• 1 Power Supply Microwave 2035
  • 1 Conditioning Board 2008B
  • 1 Antenna and Backplane
  • Voltage to Current Converter 2026B

CPU Assembly

The Central Processing Unit is composed of:

  • 1 Processing Electronics
  • Wiring connections

Physical Installation

The picture below shows an example of mechanical solution to position the receiver above the conveyor and the transmitter under it. The fixture must allow the user to adjust distances from the units to the conveyor belt.


Once positioned, the units will be connected to the CPU through cables wired to each connection box. Electrical schemes showing all wiring are presented further on.
Transmitter Wiring – The transmitter requires only a 220 VAC connection. This is obtained from the CPU wiring connectors. The picture below shows the AC connector inside the opened box.

Receiver Wiring – The receiver unit connection box is shown opened below. This unit is powered with 220VAC and delivers a 4 to 20mA signal that must be conveyed to the CPU through a shielded cable.

Central Processing Unit Calibration

The CPU is calibrated on the Processing Electronics by navigating the screens and adjusting the parameters. The Processing Electronics Panel features a two-line LCD and four function keys.

F1 – activates the previous screen

F2 – activates the next screen

F3 – increases the parameter on the current screen

F4 – decreases the parameter on the current screen

When turned on, the main screen is activated. This screen presents the four moisture read-outs as in the picture that follows.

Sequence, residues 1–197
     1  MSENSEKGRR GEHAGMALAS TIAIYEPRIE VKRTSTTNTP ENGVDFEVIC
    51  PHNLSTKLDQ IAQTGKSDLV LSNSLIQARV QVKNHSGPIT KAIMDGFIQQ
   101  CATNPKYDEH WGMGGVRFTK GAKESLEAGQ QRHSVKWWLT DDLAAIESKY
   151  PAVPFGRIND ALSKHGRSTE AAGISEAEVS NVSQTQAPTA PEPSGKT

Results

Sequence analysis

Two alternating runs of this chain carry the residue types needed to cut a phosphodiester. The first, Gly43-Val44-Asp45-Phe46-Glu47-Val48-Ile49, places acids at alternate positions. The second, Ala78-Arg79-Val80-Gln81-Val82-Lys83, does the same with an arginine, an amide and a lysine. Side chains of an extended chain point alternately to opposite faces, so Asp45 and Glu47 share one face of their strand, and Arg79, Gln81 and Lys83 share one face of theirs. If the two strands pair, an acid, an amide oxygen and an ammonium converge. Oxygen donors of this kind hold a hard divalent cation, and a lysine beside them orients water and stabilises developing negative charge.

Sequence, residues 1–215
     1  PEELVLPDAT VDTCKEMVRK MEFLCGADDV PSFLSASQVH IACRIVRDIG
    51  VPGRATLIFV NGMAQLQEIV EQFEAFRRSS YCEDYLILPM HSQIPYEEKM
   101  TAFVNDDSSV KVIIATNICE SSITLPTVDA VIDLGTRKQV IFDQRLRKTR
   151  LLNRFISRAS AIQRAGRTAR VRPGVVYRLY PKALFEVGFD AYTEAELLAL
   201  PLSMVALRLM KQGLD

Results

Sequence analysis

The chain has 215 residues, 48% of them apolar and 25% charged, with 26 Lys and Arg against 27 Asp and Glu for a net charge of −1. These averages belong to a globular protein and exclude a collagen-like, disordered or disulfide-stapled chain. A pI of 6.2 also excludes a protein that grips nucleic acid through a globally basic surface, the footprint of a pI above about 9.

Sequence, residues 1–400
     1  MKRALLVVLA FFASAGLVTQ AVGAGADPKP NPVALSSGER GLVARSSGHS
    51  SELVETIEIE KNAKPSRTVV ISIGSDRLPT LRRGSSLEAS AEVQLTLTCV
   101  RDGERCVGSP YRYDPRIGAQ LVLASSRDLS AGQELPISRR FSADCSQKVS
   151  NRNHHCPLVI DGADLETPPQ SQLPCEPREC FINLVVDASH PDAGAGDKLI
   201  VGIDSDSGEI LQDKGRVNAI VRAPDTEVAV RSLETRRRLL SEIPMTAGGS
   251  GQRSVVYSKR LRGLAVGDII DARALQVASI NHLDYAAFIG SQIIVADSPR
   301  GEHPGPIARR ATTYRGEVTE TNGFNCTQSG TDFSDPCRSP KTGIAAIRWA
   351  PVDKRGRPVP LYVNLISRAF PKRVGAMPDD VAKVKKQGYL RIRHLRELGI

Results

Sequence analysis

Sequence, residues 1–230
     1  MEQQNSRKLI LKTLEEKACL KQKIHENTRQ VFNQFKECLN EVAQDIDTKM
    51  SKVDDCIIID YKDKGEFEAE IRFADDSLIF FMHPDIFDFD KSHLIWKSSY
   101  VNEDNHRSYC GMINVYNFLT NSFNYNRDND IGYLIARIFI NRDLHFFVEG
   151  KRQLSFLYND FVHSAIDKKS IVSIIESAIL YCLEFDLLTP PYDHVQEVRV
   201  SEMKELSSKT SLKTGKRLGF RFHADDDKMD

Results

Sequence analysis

The following screens allow the user to visualize and adjust the parameters for each reading unit. The manual presents the procedure to calibrate the first channel. The remaining channels are calibrated the same way through their own screens.

Channel 1 Calibration

Zero Adjust – If the current screen is the main screen, press F2 twice to switch to the ZERO SCREEN. Press F3 or F4 to adjust the moisture indication at 4 mA to the minimum expected moisture.

Span Adjust – Press F1 or F2 to move to the SPAN SCREEN. Press F3 or F4 to adjust the moisture indication at 20 mA to the maximum expected moisture.

Gain and Offset Adjust – A dry sample and a wet one are required for the gain and offset adjust. Both samples must have their moisture contents previously measured through laboratory procedures. Calibration consists of:

  • Place the dry sample between units and adjust the OFFSET so that the moisture read-out displays the value already known.
  • Place the wet sample between units and adjust the GAIN so that the moisture read-out displays the value already known.
  • Repeat steps 1 and 2 as long as no further adjusts are required.

OBS: Press F1 or F2 to switch to the desired screen. Press F3 or F4 to adjust the moisture indication to reflect the actual values.